occasionally act in bad faith and cause headaches in the drafting 
process, but to send a clear message about such behaviour by 
rejecting patents as part of W3C Recommendations. The very existence 
of your 16 August 2001 Working Draft suggests that such an outcome is 
unlikely, and that patents in some form will become part of future 
Recommendations. I can't help feeling that if they do, the moral 
authority of the W3C to insist on royalty-free Recommendations, or 
even a 'preference' for them, will be weakened - perhaps not 
immediately, but increasingly over coming years as more and more 
patents become incorporated into Web standards.

The proposed RAND licensing of patents within Recommendations 
attempts to address some of these concerns, but raises others. The 
concept of 'reasonable, non-discriminatory royalties or fees' is a 
weak link: what appears reasonable to a large corporation can appear 
wholly unreasonable to a small web-design company or private 
individual. Given that even the most modestly-priced shareware never 
attracts payment from all of its users, it is hard to imagine any 
definition of 'reasonable' that will satisfy the entire 
web-development community; as soon as royalties become an inescapable 
part of the web-design landscape, part of that community will be shut 
out. The threat is perhaps not so much from any single royalty 
payment as from the prospect of dozens or hundreds that add up to a 
considerable financial burden, whether paid directly one-by-one or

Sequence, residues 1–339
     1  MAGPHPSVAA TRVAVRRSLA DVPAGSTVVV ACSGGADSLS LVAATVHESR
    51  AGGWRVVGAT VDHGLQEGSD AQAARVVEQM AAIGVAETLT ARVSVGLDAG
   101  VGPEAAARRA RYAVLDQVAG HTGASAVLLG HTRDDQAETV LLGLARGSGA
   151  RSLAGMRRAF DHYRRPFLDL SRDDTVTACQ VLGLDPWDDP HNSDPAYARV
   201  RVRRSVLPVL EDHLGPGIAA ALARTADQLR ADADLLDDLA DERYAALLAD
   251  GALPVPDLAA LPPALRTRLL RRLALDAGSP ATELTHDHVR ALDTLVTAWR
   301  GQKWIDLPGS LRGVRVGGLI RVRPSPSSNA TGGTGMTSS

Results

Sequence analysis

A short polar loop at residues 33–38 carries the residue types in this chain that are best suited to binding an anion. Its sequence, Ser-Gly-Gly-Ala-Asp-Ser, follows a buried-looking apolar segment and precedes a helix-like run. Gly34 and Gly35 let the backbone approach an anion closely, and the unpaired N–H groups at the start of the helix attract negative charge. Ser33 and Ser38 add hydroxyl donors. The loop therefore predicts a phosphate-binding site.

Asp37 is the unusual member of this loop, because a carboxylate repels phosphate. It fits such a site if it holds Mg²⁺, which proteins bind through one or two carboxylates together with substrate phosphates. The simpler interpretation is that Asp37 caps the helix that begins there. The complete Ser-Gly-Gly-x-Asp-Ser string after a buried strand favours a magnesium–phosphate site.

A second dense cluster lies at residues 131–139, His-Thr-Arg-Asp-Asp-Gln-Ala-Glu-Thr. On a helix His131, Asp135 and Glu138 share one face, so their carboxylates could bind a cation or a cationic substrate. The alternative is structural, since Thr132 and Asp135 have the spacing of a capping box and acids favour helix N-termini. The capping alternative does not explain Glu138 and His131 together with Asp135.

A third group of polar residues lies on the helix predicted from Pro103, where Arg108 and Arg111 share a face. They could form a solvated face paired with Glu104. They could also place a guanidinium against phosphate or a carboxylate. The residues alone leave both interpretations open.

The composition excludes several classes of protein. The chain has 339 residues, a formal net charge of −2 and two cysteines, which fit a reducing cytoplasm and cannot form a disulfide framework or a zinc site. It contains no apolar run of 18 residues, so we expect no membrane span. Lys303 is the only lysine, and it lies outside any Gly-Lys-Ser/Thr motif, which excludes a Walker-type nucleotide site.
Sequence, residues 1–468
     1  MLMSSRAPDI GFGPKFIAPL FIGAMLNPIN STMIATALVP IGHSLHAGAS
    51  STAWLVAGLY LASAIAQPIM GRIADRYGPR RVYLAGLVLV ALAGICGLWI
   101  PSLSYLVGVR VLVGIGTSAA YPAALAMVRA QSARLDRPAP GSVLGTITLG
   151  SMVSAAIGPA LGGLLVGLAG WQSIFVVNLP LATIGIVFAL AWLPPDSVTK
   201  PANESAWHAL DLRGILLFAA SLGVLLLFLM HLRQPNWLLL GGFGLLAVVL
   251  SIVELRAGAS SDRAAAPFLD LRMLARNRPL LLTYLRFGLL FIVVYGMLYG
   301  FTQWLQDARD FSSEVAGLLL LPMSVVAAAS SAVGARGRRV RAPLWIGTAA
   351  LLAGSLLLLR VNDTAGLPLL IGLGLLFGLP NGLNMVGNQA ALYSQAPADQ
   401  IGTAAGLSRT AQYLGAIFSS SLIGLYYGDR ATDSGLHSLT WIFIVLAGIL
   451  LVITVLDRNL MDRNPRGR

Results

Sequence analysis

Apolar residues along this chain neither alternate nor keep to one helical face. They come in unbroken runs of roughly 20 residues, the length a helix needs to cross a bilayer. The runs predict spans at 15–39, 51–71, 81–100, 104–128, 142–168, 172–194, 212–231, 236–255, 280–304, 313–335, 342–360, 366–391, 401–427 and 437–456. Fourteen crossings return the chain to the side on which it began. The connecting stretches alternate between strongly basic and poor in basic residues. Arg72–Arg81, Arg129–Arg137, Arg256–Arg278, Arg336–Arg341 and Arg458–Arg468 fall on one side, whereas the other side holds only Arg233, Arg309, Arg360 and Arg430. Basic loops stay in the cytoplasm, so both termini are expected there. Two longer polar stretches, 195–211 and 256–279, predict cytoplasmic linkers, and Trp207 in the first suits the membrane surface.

indirectly through higher-priced web-development software or hosting 
fees.

The Working Draft, again, attempts to limit this potential impact by 
allowing RAND licences only when it is 'not possible' for Members to 
adhere to the 'preference' for royalty-free terms. This leaves 
another door open to those Members who would wish to advance their 
own interests, as it would appear that they will be the ones who 
determine whether or not it is 'possible' to contribute royalty-free 
elements to Recommendations. Is it too suspicious to imagine that 
many of them will say, more often than not, that it isn't?

My final concern is about our all-too-human inability to predict the 
future. I have already suggested that this Draft may be an 
over-reaction to a patent-filled future that may never come to pass. 
But I'm also concerned that we have no way of predicting with any 
certainty which of today's Recommendations will become the essential 
foundations of tomorrow's Web (the 'lower-layer infrastructure [that 
should] be implementable on an RF basis'), and which will be the 
'higher-level services' that 'may have a higher tolerance for RAND 
terms'. It is quite possible that a Recommendation implemented on a 
RAND basis in 2001 might be an inescapable part of the Web of 2011, 
condemning every designer and developer to paying royalties in some 
form; we have no reliable way of knowing what the next 'killer app' 
web standard will be.

Today's luxury is tomorrow's necessity. Having just moved to a 
country that persists with an outdated 1950s policy of charging 
substantial licence fees for television sets, I would hate to see the 
Web start heading in the same direction. Our aim should be to remove 
any barriers to its use, including its design and development - not 
to encourage those who would erect them.


Rory Ewins
Received on Thursday, 11 October 2001 08:39:07 GMT